<script type="text/javascript">
    /* ... */


<script language="Javascript">
    /* ... */

Which should be used and why?

Or, the third alternative: omitting either of these, such as the example code in jQuery's API reference:

<script src="http://code.jquery.com/jquery-latest.js"></script>

3 Answers 3


The language attribute has been deprecated for a long time, and should not be used.

When W3C was working on HTML5, they discovered all browsers have "text/javascript" as the default script type, so they standardized it to be the default value. Hence, you don't need type either.

For pages in XHTML 1.0 or HTML 4.01 omitting type is considered invalid. Try validating the following:

<!DOCTYPE html PUBLIC "-//W3C//DTD XHTML 1.0 Transitional//EN" "http://www.w3.org/TR/xhtml1/DTD/xhtml1-transitional.dtd">
<html xmlns="http://www.w3.org/1999/xhtml" xml:lang="en" lang="en">
<script src="http://example.com/test.js"></script>

You will be informed of the following error:

Line 4, Column 41: required attribute "type" not specified

So if you're a fan of standards, use it. It should have no practical effect, but, when in doubt, may as well go by the spec.

  • 11
    If you're using HTML5 and the script is JavaScript, specifying type is completely unnecessary as text/javascript is the default. Nov 23, 2014 at 18:26
  • Interestingly, you can use 'type' to set a different mime-type. For example type="text/plain" will allow you to hold unrendered text, which also not be run as a script. At least in Chromium-based browsers, so not sure about FF or Safari. Seemingly odd, but perfectly valid. I have found the useful in the past. A stated, if left out it is assumed to be 'text/javascript' by default in HTML5.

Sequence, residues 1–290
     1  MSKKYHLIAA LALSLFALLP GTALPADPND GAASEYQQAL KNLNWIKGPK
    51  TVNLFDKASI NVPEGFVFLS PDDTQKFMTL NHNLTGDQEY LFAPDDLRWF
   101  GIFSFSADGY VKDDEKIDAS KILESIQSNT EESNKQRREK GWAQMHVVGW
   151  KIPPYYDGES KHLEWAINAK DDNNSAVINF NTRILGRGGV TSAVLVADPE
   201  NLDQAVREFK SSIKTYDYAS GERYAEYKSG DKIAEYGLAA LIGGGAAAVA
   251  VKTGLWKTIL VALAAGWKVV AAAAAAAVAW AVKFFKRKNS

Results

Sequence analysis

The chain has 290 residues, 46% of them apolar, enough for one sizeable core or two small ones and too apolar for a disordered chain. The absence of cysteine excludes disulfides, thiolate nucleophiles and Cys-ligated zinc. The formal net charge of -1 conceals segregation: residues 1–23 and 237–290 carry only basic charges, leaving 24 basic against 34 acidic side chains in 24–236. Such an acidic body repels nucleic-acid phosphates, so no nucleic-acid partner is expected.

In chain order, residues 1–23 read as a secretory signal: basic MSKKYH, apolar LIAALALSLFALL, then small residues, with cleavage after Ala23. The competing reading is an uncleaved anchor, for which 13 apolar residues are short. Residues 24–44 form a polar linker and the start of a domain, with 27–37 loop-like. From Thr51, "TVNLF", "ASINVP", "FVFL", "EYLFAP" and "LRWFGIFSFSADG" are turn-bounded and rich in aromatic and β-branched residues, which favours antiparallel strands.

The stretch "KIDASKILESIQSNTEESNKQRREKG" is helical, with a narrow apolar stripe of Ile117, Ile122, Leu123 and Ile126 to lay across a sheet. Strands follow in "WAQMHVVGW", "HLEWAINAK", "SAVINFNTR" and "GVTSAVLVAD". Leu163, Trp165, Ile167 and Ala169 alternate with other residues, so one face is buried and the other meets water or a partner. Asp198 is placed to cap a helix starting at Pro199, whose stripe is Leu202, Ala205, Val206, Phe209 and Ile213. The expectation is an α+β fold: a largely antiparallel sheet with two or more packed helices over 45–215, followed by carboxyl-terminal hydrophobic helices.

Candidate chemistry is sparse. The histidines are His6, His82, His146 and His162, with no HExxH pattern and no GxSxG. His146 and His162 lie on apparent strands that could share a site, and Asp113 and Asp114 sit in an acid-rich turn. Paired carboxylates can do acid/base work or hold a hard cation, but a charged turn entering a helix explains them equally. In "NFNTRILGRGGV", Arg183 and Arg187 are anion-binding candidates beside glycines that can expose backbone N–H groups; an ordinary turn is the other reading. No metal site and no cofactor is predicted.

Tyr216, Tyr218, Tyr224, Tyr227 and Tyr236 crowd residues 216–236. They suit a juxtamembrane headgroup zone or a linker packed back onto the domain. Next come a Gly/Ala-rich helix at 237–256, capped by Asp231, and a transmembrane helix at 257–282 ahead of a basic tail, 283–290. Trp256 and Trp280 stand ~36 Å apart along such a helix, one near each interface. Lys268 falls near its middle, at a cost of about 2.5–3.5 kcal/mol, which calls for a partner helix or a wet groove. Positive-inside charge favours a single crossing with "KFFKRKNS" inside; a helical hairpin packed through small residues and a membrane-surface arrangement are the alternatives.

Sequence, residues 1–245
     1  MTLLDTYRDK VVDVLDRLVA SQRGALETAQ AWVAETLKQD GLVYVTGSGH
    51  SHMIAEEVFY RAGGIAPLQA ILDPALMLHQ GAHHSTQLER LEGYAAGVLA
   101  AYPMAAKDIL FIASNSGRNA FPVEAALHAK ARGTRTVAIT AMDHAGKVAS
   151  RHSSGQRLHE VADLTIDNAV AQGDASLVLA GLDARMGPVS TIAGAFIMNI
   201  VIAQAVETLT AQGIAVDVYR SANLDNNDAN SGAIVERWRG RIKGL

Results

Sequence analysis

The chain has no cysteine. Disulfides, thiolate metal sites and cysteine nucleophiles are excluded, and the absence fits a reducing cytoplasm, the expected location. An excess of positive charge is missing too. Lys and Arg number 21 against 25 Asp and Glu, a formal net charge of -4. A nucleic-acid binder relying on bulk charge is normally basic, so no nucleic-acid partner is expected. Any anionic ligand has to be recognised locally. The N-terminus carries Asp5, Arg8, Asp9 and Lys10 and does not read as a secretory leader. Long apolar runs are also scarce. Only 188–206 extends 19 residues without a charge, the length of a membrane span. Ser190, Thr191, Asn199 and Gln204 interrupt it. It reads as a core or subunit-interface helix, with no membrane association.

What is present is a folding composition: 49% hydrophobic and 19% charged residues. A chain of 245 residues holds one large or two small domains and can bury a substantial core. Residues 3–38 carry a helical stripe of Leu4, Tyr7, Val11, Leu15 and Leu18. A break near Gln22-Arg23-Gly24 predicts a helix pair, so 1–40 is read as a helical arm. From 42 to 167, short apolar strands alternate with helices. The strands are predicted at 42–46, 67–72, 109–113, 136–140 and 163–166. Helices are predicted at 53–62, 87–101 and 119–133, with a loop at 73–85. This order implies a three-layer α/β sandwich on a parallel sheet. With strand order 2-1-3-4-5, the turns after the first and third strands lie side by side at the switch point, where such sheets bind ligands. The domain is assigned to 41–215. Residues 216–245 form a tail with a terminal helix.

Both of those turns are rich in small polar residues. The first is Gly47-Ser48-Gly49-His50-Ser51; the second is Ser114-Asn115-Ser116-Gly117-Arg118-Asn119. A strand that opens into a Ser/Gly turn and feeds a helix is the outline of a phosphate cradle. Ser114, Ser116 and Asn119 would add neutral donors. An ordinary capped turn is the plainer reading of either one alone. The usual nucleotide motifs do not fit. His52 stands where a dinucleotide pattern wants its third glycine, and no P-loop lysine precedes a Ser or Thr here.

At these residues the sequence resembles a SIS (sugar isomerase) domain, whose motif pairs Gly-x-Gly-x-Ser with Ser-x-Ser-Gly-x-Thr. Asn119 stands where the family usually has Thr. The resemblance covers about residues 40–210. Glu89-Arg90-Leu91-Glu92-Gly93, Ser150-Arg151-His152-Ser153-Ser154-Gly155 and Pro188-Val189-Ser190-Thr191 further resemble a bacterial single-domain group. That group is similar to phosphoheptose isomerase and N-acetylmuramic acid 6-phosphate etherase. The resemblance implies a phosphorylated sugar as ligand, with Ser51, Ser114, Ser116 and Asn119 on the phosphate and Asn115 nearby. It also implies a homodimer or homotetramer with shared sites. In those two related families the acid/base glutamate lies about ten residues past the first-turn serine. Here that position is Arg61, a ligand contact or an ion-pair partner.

– jdmayfield
    Apr 12, 2023 at 0:55

HTML4/XHTML1 requires

<script type="...">...</script>

HTML5 faces the fact that there is only one scripting language on the web, and allows


The latter works in any browser that supports scripting (NN2+).

  • 29
    HTML5 still supports 'Other scripting languages' on the web., but defaults the type to text/javascript if no type is explicitly defined. Aug 3, 2010 at 20:19
  • 7
    Sure. My point was that HTML4/XHTML1 didn't want to make JavaScript the default for reasons of theoretical purity, while HTML5 makes a saner trade-off.
    – Ms2ger
    Aug 4, 2010 at 14:20
  • What are the other scripting languages for web? Apr 9, 2013 at 22:36
  • 7
    @FakeHeal: VBScript saw some use on the client side when IE had massive domination. More recently, you can serve compile-to-JavaScript languages like CoffeeScript to the client with client-side compilation. Semi-standard WebGL practice is to put fragment shaders into script tags with a shader language for the type. Finally, there's some suspicion(?) that Dart might be natively supported in Chrome at some point. (I mean, of course, right?) Jun 3, 2013 at 23:45

The type attribute is used to define the MIME type within the HTML document. Depending on what DOCTYPE you use, the type value is required in order to validate the HTML document.

The language attribute lets the browser know what language you are using (Javascript vs. VBScript) but is not necessarily essential and, IIRC, has been deprecated.

  • 1
    The MIME type already indicates the language. The language attribute is redundant. Feb 15, 2010 at 16:52

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